Attempting to place Christians, as a group, within the societal model of “modernity” while at the same time, placing the LGBT community outside of it, or, generously, failing at it–is one of the most laughable ideas I’ve heard all week. Not to mention–this framing of the LGBT community as outsiders, as Other, or left behind as the world has shifted into modernity does give a wee bit of credit to the accusations of bigotry that the author is trying so hard to discredit.

This passage:

“To the extent that a society becomes “modern,” then, it will be packed with people who hold to widely divergent beliefs and values, any of which may be questioned. And the glue of this system is not that we all agree with one another but that we make a commitment to not always equate disagreement, or even disapproval, with bigotry.”

I notice how carefully the author has avoided making any mention here of just what is in dispute here, or rather, who.

What is being disputed here is the very existence of the LGBT community, and their rights as citizens in this society. Christianity, as the author has identified it here, has opinions on the LGBT community, and has, is, and will continue to try to structure our society so that the LGBT community is marginalized, unequal, and without protections, so as to be in agreement with Christianity’s beliefs.

That flies in the face of the pluralism, modernity, and tolerance the author is writing about. What Christians believe about God, their ethics, and their own behaviors are Christians’ business. What Christians believe about other people, the LGBT community, and their freedom, rights, and protections are everyone’s business.

You don’t get to believe things about other people, try to impose them on everyone, and then cry intolerance when you’re called a bigot. And, you know, intolerant.

The author got the first part right. A modern society is a plural one, and one in which the ideals and values of individual groups get to be questioned. He got the second part so very wrong. The glue that holds a modern society together is not that we don’t refrain from calling bigots, bigots, but that each different group respects the others, and that our society does not elevate one group over the other. The glue that holds a “modern” i.e. pluralistic society together is that we co-exist peacefully. That our structure is neutral, that all groups are equal, having the same rights and protections. That individual groups keep their traditions, their beliefs, their values focused on themselves.

And the minute one group tries to impose itself on others? They can expect push-back, self-defense, and yes, being called bigots.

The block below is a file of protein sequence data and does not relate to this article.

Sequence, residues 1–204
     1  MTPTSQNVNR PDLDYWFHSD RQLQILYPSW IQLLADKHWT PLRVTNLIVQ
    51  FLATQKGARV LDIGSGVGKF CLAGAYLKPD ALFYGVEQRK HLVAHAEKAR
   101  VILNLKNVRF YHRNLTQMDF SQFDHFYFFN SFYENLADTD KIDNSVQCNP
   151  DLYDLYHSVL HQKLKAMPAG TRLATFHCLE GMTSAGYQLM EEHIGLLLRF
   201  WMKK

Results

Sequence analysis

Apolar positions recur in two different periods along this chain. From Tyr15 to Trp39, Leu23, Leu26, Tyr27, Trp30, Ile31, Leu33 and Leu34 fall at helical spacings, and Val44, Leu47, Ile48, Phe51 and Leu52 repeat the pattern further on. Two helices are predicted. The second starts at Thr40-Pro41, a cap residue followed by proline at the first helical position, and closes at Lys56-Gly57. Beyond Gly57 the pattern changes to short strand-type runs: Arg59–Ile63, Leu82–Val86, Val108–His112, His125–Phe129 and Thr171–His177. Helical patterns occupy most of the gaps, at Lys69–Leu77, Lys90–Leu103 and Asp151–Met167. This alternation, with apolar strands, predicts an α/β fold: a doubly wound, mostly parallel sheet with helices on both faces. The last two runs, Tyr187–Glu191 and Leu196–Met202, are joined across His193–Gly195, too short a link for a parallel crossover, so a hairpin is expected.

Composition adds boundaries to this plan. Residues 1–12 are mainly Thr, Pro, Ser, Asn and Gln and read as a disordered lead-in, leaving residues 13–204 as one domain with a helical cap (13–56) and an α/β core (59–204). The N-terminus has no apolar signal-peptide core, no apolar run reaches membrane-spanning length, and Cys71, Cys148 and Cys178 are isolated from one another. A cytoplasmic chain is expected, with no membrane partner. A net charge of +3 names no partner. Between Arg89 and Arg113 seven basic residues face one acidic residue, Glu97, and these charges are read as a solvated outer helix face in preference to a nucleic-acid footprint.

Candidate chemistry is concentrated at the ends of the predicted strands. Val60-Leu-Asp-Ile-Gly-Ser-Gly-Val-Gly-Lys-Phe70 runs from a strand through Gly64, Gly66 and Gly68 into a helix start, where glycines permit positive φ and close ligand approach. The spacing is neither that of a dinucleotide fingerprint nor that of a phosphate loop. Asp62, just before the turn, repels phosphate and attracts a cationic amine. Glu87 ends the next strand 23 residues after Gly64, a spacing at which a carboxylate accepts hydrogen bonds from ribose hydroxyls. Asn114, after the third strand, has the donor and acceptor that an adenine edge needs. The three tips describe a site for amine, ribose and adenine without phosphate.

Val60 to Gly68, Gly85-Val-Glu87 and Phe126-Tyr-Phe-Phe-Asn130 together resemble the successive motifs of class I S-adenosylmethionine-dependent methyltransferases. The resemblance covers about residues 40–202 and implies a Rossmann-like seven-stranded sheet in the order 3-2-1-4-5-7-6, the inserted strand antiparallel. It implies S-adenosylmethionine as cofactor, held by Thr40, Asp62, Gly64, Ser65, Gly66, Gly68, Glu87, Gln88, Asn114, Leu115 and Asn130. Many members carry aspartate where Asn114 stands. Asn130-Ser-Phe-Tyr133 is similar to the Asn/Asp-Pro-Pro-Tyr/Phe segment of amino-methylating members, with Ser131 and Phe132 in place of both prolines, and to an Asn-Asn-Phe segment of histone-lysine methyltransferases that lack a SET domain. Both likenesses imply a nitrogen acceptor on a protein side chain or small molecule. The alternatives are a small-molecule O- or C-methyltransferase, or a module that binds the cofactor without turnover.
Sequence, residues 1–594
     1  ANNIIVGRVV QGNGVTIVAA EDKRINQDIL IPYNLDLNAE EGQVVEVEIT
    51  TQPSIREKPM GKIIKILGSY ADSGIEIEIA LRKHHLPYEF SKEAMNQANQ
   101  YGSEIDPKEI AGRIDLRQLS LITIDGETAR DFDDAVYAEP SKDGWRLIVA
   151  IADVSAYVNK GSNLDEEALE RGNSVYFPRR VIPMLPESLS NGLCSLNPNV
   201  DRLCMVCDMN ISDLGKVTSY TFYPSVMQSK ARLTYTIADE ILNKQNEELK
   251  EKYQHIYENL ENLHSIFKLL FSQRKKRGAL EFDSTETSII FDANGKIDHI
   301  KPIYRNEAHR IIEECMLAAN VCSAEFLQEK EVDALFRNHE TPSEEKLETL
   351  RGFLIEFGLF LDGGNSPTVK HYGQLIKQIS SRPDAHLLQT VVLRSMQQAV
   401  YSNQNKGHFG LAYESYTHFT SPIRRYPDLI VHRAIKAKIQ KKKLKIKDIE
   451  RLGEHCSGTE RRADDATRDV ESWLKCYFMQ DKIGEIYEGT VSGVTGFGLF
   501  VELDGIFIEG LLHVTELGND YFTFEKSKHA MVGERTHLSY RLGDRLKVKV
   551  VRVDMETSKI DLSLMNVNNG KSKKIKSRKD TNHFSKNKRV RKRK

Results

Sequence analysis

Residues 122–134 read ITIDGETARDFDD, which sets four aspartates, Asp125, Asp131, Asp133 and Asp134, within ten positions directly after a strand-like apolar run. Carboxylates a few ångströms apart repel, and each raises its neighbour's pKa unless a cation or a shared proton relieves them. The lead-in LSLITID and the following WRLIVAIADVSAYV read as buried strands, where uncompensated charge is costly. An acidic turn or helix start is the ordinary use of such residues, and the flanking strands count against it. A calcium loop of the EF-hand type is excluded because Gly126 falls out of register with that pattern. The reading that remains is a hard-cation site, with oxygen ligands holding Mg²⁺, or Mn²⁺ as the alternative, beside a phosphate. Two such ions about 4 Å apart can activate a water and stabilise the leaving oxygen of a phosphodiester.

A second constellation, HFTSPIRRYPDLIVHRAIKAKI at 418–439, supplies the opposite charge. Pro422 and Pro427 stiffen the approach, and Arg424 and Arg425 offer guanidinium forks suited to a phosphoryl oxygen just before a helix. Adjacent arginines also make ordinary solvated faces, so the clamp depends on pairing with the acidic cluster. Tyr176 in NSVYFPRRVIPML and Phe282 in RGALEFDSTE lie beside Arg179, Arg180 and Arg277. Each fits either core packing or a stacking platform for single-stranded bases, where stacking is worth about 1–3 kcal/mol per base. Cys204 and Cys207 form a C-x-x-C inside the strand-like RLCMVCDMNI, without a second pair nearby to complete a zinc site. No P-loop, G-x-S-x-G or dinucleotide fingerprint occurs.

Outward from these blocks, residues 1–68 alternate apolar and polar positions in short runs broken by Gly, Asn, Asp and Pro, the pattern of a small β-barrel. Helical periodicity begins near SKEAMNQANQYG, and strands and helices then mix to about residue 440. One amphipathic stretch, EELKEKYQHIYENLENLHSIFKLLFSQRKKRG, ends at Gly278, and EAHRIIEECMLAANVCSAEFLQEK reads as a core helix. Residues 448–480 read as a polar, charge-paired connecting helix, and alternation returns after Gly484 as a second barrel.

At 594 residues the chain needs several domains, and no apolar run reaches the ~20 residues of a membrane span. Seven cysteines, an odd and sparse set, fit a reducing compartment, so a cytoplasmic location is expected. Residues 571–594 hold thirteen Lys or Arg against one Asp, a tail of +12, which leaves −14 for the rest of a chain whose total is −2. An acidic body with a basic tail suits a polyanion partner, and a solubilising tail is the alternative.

Why I Left Christianity: And Why I Stayed Away

In the beginning, it was just too painful. I’d been hurt so badly. I was also dealing with a great deal of stress from the three-year long divorce of my parents, along with stress from big changes in my life: a move across town from where I’d grown up, shifting from homeschooling to public school, and it was time for me to figure out what I was going to do after high school.

I was depressed. I was lonely. I was isolated. And I was worn out from trying to be strong for everybody for so long.

I simply could not deal with church. I couldn’t handle trying to find another church–another huge change. And so, on Sunday mornings, I slept. On Sunday and Wednesday nights, I took refuge in my bedroom, cuddling with books, or reaching out online.

I needed friends, family, and mentors who would be strong for me. I needed a support system that was nonjudgmental. I needed comfort. I needed love. I needed to feel safe. I needed someone to listen to me, someone to confide in, that wouldn’t run to the family court judge, my parents, or rat me out when college and military recruiters called.

In other words, I needed to be as far away from Christianity as I could get.

I found safe spaces. I found comfort and love. I found safety. And I promptly broke. Everything I’d held in came gushing out in a hot, ugly, blubbering, bleeding mess. Once it started, I couldn’t stop it–I had to suffer until the wounds had finished gushing.

I became very self-destructive. I did a lot of stupid shit while I was breaking down. My support system was a boy I met through Civil Air Patrol. First him, then his family. I spent a lot of time at their house. First hours. One day, I stayed so late my friend’s mother called my father and asked if I could stay the night. Soon I was spending my weekends at their home. Eventually, I stopped going home. This family homeschooled as well, and I took lessons with my friend. They took me in as their own.

I spoke of my problems primarily with my friend. The rest of his family just loved me. I felt so safe when I was there–so free. His parents didn’t prod–they waited until I was ready to talk to them.